3 Dumbest LLC Formation Mistakes

Whether you’re setting up an LLC on your own or having a professional handle it, there are several LLC formation mistakes to watch out for. Here’s what you need to know before you complete the paperwork.

I see a lot of dumb LLC formation mistakes. Maybe more than most people because I regularly teach a graduate tax class on LLC formation.

Some of the mistakes are made by entrepreneurs and investors trying to save money on accountants and attorney fees. And I guess that’s okay — albeit penny-wise and pound-foolish.

But you know what really irks me? Some of these mistakes — in fact, most of them — are made by attorneys and paralegal services. Professionals who should know better.

But enough whining. Without further fanfare, here are the three dumbest mistakes that I see people make again and again and again.

Mistake #1: Forgetting about Foreign LLC Registration Rules

Read those tempting advertisements for Delaware or Nevada limited liability companies? The advertisements sound pretty good, but most small businesses shouldn’t use out-of-state LLCs or for that matter out-of-state corporations.

Here’s why: If you’re doing in business in, say, New York, you’re not going to be able to avoid state taxes by forming your LLC in, say, Nevada. The tax and corporation laws in your state will require you to register your out-of-state (that is, “foreign”) LLC in the states where your business operates. Those same laws will require you to pay state income taxes in the states where you earn your income. 

A couple more quick points: Large businesses do like Delaware for a variety of reasons — mostly having to with how sophisticated the Delaware Court of Chancery is. But this applies to really big businesses that will litigate in Delaware — not small businesses.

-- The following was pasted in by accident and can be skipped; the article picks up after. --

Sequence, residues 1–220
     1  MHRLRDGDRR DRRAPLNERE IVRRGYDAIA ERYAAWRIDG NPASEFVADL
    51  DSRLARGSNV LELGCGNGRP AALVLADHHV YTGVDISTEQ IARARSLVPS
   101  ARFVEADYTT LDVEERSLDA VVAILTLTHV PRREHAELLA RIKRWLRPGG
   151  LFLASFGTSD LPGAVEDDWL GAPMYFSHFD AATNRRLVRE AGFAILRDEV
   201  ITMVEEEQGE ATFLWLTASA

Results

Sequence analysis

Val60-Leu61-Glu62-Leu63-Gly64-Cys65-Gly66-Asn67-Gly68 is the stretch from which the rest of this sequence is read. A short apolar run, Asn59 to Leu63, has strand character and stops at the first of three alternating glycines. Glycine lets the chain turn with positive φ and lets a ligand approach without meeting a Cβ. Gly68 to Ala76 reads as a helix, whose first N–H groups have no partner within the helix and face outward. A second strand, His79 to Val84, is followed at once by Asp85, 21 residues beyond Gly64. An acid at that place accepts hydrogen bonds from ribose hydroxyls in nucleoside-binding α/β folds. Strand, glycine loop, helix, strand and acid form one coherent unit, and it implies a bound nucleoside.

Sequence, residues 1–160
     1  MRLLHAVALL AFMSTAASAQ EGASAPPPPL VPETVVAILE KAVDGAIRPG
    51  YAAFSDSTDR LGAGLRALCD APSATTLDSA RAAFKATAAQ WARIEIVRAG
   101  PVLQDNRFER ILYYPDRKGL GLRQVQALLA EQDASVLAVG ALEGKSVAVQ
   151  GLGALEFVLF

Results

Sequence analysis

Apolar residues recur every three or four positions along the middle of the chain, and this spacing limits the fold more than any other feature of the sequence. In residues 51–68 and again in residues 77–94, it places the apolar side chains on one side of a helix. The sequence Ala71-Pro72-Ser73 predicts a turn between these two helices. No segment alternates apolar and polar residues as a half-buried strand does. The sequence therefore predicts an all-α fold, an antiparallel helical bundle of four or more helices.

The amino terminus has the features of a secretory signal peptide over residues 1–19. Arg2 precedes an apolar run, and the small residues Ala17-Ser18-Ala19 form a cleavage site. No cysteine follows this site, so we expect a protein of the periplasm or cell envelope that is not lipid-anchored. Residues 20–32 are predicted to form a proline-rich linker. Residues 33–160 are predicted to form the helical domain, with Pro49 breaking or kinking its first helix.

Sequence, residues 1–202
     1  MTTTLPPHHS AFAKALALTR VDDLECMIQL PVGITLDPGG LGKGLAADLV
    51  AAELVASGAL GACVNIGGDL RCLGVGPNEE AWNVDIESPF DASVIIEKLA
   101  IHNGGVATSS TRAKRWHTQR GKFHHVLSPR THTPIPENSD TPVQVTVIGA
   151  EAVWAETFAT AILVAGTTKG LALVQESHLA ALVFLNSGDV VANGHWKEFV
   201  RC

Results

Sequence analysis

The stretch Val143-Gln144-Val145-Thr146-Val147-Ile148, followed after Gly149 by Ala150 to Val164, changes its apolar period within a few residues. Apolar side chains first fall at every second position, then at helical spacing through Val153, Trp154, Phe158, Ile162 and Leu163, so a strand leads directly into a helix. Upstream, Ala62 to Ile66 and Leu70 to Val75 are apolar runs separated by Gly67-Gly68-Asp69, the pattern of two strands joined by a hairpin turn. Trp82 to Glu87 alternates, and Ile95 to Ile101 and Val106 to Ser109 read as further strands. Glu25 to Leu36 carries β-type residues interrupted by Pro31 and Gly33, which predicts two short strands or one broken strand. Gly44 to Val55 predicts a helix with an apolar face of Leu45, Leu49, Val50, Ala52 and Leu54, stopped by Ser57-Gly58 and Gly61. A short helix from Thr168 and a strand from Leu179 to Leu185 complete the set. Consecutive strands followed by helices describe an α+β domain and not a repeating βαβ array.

Nevada does offer corporations a no-income-tax haven, but you need to set up a real business presence there with an office, employees, and property — the whole enchilada.

Mistake #2: Electing to be Treated as a C Corporation

An LLC is a chameleon for tax purposes, which is great. An LLC with a single owner can be treated as a sole proprietorship, a C corporation or an S corporation (assuming eligibility requirements are met). An LLC with multiple owners can be treated as a partnership, a C corporation or an S corporation (again, assuming eligibility requirements are met).

But just because you can do something doesn’t mean you should. And unless you’ve got expert tax advice from an attorney or certified public accountant, you shouldn’t make the election to be treated as a C corporation.

A C corporation is taxed on its profits. When those profits are distributed to shareholders, they are taxed again. By electing to be taxed as a C corporation, the LLC owners create an extra level of taxation.


Mistake #3: Electing to be Treated as an S Corporation Too Early

LLCs can also elect to be treated as S corporations, as noted in the preceding paragraphs. And once a business generates profits well in excess of the amounts paid to owners for salaries, an S corporation election saves the owners big money.

Sometimes tens of thousands of dollars per owner per year.

But you don’t want to elect S corporation status too early — especially if the LLC is owned and operated by a single owner.

By electing S corporation status, the LLC needs to file a corporate return and needs to begin doing payroll — even if the only employee is the owner — and may need to pay additional payroll taxes like the employer’s portion of Social Security and the federal unemployment tax.

Wait until your business is profitable before changing your LLC to an S corp. Your patience will pay off in two ways: simpler accounting and less expensive tax returns.

New York LLC formations expert and tax accountant Stephen L. Nelson, CPA, has written more than 150 books. Formerly an adjunct tax professor at Golden Gate University, Nelson is also the author of QuickBooks for Dummies.

Disclaimer: The content on this page is for information purposes only and does not constitute legal, tax, or accounting advice. If you have specific questions about any of these topics, seek the counsel of a licensed professional.

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